There are many meanings to this particular Jewish tradition, but one is surely primary. A whole world of just men (and women) is impossible. It is, then, because we ordinary mortals simply cannot bear the torments of so many others, that G-d has created the Lamed-Vov.

How shall President Obama now deal with a requirement for global civilization that is both essential and unbearable? Newly informed that empathy for the many is a precondition of a decent world union, what can create such empathy without producing intolerable emotional pain? How can he deal meaningfully with the still ongoing and multiplying expressions of war, terrorism and genocide?

The answer, Mr. Obama knows, cannot be found in ordinary political speeches and programs, not even in thoughtful stimulus packages or careful packages of wisdom. It can lie only in a resolute detachment of individuals from certain lethally competitive tribes and other collective “selves.” A more perfect union, both national and international, must lie in a determined replacement of “civilization” with “planetization.” In turn, this politically problematic replacement will depend upon prior affirmations of true human Self, upon a steadily expanding acceptance of the sacredness of every individual. These affirmations would express tenets basic to all forms of Judaism.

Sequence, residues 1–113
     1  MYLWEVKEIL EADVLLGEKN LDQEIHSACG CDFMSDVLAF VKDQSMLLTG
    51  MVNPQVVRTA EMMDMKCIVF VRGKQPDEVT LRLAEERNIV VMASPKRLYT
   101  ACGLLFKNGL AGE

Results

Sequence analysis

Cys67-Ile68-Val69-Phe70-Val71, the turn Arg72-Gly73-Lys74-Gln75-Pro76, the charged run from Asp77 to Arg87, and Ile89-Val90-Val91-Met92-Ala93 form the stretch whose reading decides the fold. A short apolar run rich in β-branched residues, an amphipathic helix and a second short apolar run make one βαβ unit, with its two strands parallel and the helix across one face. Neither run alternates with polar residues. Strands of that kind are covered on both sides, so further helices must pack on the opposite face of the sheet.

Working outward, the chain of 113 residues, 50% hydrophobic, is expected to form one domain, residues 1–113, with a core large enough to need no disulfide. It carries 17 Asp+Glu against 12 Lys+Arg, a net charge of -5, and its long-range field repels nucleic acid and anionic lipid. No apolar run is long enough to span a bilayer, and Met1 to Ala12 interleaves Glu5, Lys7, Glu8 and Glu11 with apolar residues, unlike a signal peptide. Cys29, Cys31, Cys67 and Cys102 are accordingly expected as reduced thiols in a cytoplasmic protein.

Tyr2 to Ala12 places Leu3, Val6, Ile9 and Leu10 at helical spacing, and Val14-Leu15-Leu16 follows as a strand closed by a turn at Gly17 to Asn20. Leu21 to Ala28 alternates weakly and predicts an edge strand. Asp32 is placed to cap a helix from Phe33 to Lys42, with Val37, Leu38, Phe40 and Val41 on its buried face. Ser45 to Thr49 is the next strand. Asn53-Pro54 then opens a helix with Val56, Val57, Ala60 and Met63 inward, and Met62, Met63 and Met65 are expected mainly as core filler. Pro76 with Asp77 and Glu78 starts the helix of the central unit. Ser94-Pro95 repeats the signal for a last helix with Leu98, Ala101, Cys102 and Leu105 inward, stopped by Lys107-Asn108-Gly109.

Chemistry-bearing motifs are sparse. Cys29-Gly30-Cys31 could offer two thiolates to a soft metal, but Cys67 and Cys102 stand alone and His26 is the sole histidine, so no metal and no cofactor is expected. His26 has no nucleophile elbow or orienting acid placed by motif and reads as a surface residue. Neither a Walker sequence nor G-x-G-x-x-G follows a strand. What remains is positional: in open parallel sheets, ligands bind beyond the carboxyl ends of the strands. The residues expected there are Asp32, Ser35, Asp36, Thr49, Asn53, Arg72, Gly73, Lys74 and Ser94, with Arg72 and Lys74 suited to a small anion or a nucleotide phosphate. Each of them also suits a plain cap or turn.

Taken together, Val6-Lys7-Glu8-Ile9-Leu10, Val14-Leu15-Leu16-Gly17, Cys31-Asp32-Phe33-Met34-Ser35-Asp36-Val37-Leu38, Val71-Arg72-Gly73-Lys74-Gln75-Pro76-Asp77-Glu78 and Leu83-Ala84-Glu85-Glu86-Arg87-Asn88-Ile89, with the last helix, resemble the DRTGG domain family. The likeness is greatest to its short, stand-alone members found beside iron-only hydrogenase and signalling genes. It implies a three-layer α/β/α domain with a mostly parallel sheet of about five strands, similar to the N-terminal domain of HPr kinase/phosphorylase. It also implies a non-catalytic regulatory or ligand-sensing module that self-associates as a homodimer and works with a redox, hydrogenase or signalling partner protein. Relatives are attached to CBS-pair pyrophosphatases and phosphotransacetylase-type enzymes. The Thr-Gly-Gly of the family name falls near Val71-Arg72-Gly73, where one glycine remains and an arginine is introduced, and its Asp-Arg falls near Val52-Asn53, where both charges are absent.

Mr. Obama already understands that the state of our union can never be better than the state of our whole world. He also realizes that the state of our world will depend substantially on what now happens inside the United States. In acknowledging this overwhelmingly significant mutuality, the common factor of enquiry must remain the individual human being who steadily follows an immutable and universal trajectory of birth, gratification, suffering and death.

From us – from the Jews – all may already understand that memory is the beginning of redemption. But how shall our new president recall? Assyria, Babylon, Egypt, Greece, Carthage, Rome – ground to dust and burned into oblivion. Is this still our collective fate, or can Mr. Obama draw, somehow, upon the idea of the Lamed-Vav for rescue? The French philosophers of the 18th century Age of Reason liked to speak of a siecle des lumieres, a century of light, but most nations in the early 21st century remain altogether mired in the bruising darkness.

The Jewish philosopher, Abraham Joshua Heschel, in Who Is Man (1965) lamented that, “The emancipated man is yet to emerge.” Heschel then asked all human beings to insistently raise the following question: “What is expected of me?” “What is demanded of me?” In response, President Barack Obama, drawing upon certain pertinent strands of Jewish insight and tradition, should now answer confidently: “We must all face an overwhelming human future without flinching, but we must also face it with relentless honesty, deep compassion and a true commitment to universal compassion and interdependence.

Copyright © The Jewish Press, May 8, 2009. All rights reserved

LOUIS RENÉ BERES (Ph.D. Princeton 1971) is the author of many books and articles dealing with philosophy, international relations and international law. He is Strategic and Military Affairs columnist for The Jewish Press.

About the Author: Louis René Beres (Ph.D., Princeton, 1971) is professor of political science and international law at Purdue University and the author of many books and articles dealing with international relations and strategic studies.